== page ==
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Domestic Water Use in the Gaza Strip

Taking the water container home- Gaza. By Muhammad Sabah, B’Tselem
Taking the water container home- Gaza. By Muhammad Sabah, B’Tselem.

In the Gaza Strip, where there is a greater water supply in theory, the majority of wells (80%) only work partially and the rest not at all. In 2006, almost half of Gazan households bought their water, either bottled or from tanker trucks, because tap water was too salty to drink. Daily consumption is approximately 90 litres per person (2013/2014). Moreover, the quality of water delivered by the municipality exceeds maximum standards for contaminants and is largely unfit for human consumption (as described in Water Quality – Gaza). In 2014, system losses were estimated at 46%, and supplies are unreliable as power cuts and electricity shortages also prevent the processing and pumping of domestic water supplies.[i]

As tap water is salty and polluted, most Gazans depend on private vendors for their drinking water. This water comes from over 40 privately owned and operated desalination plants that have started up over the past few years to meet increasing demand. Currently, there is no monitoring of the quality of water produced in these plants; and the PWA has only licensed around half of them. Lack of basic mineral content of this desalinated water is another significant issue, as the process used (reverse osmosis) removes most of the minerals found in the majority of uncontaminated surface and groundwater sources. In fact, providing “pure water”, free of these minerals, has become the competitive edge these private plants use to sell their product. The desalinated water is delivered to homes via tanker truck or individuals fill up their containers from small tanks at supermarkets and corner stores.[ii] These water supplies cost up to $1.30 for 100 litres, which can add up to more than a third of a poor family’s monthly income.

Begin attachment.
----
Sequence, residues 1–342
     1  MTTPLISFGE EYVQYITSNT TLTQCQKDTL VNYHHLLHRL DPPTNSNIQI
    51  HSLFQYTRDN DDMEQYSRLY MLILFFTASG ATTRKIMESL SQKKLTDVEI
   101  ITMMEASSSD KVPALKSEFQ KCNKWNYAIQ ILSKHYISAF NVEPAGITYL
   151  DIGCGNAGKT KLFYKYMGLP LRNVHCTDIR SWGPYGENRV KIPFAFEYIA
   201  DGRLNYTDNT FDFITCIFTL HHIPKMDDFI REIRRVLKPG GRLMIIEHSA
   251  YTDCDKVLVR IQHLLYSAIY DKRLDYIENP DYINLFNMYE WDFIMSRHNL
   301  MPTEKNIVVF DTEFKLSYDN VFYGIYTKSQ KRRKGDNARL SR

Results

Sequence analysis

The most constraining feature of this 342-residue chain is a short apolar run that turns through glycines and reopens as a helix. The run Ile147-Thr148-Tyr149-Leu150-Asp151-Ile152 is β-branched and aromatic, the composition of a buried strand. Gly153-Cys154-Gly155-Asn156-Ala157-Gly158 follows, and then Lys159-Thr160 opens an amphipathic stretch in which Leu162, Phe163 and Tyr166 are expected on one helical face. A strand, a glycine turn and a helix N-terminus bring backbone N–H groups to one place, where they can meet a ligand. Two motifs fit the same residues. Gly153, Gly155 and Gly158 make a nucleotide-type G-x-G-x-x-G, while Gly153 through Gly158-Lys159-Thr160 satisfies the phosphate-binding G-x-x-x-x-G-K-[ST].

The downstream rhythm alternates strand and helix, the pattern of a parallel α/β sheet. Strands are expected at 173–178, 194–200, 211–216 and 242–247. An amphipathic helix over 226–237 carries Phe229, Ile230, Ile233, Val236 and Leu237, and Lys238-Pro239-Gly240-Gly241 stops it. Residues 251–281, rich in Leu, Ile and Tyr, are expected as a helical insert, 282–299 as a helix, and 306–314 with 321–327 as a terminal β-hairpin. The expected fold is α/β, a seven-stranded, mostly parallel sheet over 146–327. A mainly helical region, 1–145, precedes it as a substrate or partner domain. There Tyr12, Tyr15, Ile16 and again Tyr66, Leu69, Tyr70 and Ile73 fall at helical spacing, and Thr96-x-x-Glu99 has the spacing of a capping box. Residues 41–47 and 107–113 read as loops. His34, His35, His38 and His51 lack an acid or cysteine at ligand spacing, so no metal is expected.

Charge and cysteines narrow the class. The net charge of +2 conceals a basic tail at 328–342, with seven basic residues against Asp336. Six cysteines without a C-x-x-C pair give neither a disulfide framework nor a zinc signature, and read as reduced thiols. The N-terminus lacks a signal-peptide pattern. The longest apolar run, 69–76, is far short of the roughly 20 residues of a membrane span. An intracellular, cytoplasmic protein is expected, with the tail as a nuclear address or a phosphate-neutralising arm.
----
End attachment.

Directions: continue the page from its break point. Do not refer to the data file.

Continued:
Before the December 2008 Israeli offensive, over half of the population of Gaza City had access to water for only a few hours once a week. The ongoing blockade has prevented entry of necessary spare parts, materials and equipment for the water and wastewater facilities and has resulted in the construction of new wells with poor water quality and quick aquifer deterioration from the intrusion of untreated sewage and seawater. These issues have become even more acute since Israel’s Operation Protective Edge (July-August 2014), which further damaged existing infrastructure (Fig. 10).

Overview of damages to Gaza’s water supply infrastructure after the 2014 conflict in % of the baseline. Source: Fanack after UNICEF, 2014
Figure 10. Overview of damages to Gaza’s water supply infrastructure after the 2014 conflict in % of the baseline. Source: Fanack after UNICEF, 2014.


[i] PWA, 2014d. Gaza Sustainable Water Supply Program, April 2014. Available at: http://goo.gl/JlwQtn, accessed 28 April 2015.
[ii] World Bank, 2009. West Bank And Gaza Assessment Of Restrictions On Palestinian Water Sector Development, April 2009. Available at: http://siteresources.worldbank.org/INTWESTBANKGAZA/Resources/WaterRestrictionsReport18Apr2009.pdf, accessed 21 April 2015.